Discover London | The West End

The West End of London (more commonly referred to as simply the West End) is an area of central London containing many of the city’s major tourist attractions, shops, businesses, government buildings, and entertainment venues (including the commercial West End theatres). Use of the term began in the early 19th century to describe fashionable areas to the west of Charing Cross.

Located to the west of the historic Roman and Mediaeval City of London, the West End was long favoured by the rich elite as a place of residence because it was usually upwind of the smoke drifting from the crowded City. It was also located close to the royal seat of power at Westminster, and is largely contained within the City of Westminster (one of the 32 London boroughs). Developed in the seventeenth, eighteenth and nineteenth centuries, it was originally built as a series of palaces, expensive town houses, fashionable shops and places of entertainment. The areas closest to the City around Holborn, Seven Dials and Covent Garden historically contained poorer communities that were cleared and redeveloped in the nineteenth century.

The name “West End” is a flexible term with different meanings in different contexts. It may refer to the entertainment district around Leicester Square and Covent Garden; to the shopping district centred on Oxford Street, Regent Street, and Bond Street; or, less commonly, to the whole of that part of central London (itself an area with no generally agreed boundaries) which lies to the west of the City of London.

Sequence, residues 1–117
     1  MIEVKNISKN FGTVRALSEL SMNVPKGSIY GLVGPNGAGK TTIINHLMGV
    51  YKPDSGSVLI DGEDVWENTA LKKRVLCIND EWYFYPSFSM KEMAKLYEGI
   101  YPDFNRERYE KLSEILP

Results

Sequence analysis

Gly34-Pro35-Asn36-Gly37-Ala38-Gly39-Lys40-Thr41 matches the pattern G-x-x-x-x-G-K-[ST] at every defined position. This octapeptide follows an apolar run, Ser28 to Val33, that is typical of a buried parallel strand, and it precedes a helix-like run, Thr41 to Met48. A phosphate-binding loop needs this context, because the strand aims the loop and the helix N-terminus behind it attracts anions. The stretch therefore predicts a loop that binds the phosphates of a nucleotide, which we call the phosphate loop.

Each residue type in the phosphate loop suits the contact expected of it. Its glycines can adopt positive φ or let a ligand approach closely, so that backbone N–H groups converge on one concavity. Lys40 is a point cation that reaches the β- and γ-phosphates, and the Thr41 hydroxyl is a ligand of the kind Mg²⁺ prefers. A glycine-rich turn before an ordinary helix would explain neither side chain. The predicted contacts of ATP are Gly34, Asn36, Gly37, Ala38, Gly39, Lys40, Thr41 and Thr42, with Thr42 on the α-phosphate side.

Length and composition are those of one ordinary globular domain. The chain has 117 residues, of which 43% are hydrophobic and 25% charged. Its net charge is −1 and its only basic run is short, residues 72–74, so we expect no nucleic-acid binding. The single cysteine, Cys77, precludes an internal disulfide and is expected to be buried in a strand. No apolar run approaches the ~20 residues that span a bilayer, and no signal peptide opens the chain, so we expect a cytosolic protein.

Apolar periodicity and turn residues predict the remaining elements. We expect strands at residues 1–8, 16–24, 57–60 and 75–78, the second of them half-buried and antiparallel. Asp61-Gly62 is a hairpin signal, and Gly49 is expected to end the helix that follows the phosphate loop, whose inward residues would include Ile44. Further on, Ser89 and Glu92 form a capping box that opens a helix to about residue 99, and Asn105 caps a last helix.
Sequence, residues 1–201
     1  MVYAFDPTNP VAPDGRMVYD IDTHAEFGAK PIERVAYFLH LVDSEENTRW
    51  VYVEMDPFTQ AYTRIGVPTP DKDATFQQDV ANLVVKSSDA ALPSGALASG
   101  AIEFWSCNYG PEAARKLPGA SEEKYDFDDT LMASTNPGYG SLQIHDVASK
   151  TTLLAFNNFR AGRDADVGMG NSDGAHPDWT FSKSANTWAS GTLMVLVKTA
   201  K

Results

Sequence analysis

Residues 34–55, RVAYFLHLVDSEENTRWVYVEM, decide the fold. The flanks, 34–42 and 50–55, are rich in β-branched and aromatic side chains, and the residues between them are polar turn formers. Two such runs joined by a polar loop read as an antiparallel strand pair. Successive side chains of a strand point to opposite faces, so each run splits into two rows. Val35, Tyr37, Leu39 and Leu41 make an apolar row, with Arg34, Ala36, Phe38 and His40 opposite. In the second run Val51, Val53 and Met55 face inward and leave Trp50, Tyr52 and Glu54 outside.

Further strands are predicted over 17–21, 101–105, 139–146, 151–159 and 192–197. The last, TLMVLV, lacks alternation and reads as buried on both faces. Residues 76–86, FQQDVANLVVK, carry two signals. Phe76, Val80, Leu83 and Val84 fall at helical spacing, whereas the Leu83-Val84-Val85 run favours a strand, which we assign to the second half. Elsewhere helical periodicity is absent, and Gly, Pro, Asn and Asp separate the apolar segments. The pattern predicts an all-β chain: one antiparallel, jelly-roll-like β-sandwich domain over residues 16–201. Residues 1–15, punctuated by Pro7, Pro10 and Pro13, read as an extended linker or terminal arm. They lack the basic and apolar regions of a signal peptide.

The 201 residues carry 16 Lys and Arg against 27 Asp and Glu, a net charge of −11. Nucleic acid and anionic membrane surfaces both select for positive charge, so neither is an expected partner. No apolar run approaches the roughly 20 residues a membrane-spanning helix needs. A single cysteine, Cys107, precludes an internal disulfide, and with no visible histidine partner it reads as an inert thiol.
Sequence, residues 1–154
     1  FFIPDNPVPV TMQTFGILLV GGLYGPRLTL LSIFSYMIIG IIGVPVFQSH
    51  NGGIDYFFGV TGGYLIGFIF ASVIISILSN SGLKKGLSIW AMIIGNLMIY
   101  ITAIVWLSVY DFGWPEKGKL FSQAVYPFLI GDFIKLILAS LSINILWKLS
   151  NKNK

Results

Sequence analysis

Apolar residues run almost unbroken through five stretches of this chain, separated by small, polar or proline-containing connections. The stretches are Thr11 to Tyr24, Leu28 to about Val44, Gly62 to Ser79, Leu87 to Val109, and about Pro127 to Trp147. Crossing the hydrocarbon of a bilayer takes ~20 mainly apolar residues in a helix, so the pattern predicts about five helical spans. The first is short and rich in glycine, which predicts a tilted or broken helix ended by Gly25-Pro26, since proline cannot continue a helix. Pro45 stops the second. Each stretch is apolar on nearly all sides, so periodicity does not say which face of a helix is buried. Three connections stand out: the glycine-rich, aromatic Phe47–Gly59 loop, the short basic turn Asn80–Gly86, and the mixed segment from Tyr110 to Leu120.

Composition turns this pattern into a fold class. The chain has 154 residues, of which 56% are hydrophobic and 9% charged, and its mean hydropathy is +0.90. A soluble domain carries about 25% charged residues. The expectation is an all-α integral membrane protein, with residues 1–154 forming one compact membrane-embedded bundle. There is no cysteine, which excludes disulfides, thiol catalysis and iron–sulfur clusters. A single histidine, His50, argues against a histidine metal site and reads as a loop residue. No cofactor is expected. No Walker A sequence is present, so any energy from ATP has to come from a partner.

Taking a fairly broad definition of the West End, the area contains the main concentrations of most of London’s metropolitan activities apart from financial services, which are concentrated primarily in the City of London. There are major concentrations of the following buildings and activities in the West End:

  • Art galleries and museums
  • Company headquarters outside the financial services sector (although London’s many hedge funds are based mainly in the West End)
  • Educational institutions
  • Embassies
  • Government buildings (mainly around Whitehall)
  • Hotels
  • Institutes, learned societies and think tanks
  • Legal institutions
  • Media establishments
  • Places of entertainment: theatres; cinemas; nightclubs; bars and restaurants
  • Shops

The annual New Year’s Day Parade takes place on the streets of the West End.

http://en.wikipedia.org/wiki/West_End_of_London

 

Advertisements

About musingsofananglophile

Fran. 20. Anglophile. Daydreamer. English Literature Student.

Posted on April 30, 2012, in London and tagged , , , . Bookmark the permalink. 3 Comments.

  1. The West End IS full of tourist attractions, however, there are plenty of other parts of London with and equally attractive and fascinating history; Greenwich, Spitalfields/Brick Lane, The City, The South Bank… And they tend to be less crowded with tourists.

Leave a Reply

Fill in your details below or click an icon to log in:

WordPress.com Logo

You are commenting using your WordPress.com account. Log Out / Change )

Twitter picture

You are commenting using your Twitter account. Log Out / Change )

Facebook photo

You are commenting using your Facebook account. Log Out / Change )

Google+ photo

You are commenting using your Google+ account. Log Out / Change )

Connecting to %s

%d bloggers like this: